How Does Xcode Work

The first thing you need to do is install Xcode. To start a new app project in Xcode, you’ll need to select a template for the platform you want the app to run on. Then choose the type of app you want to create (game, single view, document based, etc.).

Starting with the right Xcode template is a crucial step to ensure you can start creating an app as quickly and efficiently as possible. 


Before you start to develop anything, you need to provide Xcode with information related to yourself (as the developer) and your app. This includes:

  • Product Name — Your app’s name as it will appear in the Apple App Store and on devices when it’s installed. Product names must be at least two characters and less than 255 bytes. It should be similar to the name that you’ll ultimately enter in the App Store Connect.
  • Organization Identifier — This is a reverse DNS string to identify your organization. For those of you who don’t have a company identifier right now, you can use com.example. as a placeholder until you distribute your app. This must be replaced before distribution.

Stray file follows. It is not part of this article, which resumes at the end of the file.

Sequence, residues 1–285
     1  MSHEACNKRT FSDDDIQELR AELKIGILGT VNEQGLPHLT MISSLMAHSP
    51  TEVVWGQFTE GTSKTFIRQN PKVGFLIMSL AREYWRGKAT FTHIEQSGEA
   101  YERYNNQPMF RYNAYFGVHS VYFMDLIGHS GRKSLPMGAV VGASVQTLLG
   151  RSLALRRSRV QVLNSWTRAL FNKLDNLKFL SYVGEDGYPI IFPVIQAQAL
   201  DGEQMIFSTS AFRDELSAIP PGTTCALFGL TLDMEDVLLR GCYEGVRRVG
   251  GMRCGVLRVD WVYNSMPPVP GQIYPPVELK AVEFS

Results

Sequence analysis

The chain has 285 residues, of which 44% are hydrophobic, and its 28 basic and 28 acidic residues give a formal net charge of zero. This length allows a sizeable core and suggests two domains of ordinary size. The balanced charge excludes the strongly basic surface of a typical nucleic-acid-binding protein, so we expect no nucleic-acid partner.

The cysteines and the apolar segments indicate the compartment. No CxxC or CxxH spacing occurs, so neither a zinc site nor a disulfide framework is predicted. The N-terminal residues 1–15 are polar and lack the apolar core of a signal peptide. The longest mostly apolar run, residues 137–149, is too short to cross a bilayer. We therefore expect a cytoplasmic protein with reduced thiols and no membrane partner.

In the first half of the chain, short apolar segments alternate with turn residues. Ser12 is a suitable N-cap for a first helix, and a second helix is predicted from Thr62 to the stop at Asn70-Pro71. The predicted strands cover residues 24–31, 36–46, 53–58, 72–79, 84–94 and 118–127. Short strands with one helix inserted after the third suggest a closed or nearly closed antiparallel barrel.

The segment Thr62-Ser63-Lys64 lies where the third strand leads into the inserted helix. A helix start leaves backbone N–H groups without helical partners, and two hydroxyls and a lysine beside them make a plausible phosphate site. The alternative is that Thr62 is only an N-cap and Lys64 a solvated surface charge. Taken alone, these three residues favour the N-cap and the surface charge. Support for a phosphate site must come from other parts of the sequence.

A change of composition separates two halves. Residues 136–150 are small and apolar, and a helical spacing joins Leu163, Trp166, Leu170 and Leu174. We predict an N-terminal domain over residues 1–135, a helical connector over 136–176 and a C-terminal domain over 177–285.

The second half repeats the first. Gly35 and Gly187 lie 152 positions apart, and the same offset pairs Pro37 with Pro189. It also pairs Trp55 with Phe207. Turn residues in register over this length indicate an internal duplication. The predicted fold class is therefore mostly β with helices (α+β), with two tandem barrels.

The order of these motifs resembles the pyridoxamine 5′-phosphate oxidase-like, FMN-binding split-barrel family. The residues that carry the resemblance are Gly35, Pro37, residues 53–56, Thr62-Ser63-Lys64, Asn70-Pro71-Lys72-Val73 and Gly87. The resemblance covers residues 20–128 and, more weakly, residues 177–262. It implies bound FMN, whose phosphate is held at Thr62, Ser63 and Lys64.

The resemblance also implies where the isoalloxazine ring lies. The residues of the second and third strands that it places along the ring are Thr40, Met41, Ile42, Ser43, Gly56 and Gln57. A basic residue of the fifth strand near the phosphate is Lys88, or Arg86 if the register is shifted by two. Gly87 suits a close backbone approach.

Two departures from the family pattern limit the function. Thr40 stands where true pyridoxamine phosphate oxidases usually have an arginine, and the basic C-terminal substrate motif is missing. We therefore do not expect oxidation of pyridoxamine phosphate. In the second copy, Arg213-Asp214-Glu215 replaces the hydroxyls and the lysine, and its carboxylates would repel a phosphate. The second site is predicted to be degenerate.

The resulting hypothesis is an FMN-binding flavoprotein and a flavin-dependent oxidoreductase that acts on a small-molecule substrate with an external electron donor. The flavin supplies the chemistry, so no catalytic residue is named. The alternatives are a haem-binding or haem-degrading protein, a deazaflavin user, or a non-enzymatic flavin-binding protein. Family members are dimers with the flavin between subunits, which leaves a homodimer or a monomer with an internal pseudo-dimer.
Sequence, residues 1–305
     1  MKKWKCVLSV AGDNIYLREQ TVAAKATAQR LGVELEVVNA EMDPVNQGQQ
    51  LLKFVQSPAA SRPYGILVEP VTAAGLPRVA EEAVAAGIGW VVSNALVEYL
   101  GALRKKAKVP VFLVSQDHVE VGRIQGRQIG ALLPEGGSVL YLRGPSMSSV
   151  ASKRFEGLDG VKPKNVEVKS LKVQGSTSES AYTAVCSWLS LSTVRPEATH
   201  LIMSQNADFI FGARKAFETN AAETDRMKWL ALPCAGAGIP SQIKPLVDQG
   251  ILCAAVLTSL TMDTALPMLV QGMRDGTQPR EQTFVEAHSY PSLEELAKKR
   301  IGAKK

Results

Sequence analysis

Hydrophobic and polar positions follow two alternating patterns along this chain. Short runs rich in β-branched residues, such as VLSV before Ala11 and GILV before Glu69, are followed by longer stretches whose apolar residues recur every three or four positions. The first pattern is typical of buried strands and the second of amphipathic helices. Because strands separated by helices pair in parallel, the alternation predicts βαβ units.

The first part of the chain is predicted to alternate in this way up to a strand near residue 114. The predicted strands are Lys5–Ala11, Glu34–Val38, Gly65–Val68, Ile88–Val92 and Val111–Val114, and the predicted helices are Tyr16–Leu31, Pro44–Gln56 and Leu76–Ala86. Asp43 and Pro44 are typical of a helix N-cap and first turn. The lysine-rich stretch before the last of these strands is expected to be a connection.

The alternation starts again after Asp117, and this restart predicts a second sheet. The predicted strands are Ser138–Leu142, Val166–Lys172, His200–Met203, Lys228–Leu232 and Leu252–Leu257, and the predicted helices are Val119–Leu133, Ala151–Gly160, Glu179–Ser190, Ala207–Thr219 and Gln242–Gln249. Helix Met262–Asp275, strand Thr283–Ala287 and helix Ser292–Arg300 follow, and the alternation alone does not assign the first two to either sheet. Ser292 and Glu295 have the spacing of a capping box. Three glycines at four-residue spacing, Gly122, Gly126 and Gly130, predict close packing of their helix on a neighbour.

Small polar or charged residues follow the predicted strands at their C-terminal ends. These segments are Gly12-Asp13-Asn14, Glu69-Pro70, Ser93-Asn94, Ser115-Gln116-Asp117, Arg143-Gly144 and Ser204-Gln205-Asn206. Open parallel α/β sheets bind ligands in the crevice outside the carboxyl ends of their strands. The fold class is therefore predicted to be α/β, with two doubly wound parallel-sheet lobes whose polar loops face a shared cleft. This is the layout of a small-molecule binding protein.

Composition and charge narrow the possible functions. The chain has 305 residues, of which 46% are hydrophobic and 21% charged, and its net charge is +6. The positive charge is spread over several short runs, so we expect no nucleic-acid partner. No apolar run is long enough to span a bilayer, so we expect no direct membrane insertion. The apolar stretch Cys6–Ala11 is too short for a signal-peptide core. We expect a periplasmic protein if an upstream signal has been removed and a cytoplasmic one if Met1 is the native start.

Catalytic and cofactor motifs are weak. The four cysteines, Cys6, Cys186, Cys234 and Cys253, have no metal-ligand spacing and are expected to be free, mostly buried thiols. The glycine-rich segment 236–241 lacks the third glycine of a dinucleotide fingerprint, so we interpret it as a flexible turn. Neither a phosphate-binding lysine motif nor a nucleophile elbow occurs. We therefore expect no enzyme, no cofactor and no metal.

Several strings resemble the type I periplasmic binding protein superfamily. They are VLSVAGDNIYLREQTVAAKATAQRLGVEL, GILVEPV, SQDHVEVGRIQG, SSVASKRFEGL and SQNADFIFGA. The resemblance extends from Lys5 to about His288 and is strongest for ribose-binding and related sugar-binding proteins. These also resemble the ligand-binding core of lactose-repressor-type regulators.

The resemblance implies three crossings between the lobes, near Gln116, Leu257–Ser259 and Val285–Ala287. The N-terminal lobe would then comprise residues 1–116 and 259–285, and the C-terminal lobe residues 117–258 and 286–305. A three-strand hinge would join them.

• Organization Name — This is the name that will appear in all boilerplate text in your project folder. This is not the same as the name that appears in the App Store for your app.

It’s worth noting that you cannot change your App ID after it’s been uploaded to App Store Connect. Here’s the official wording from Apple:

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Creating a Project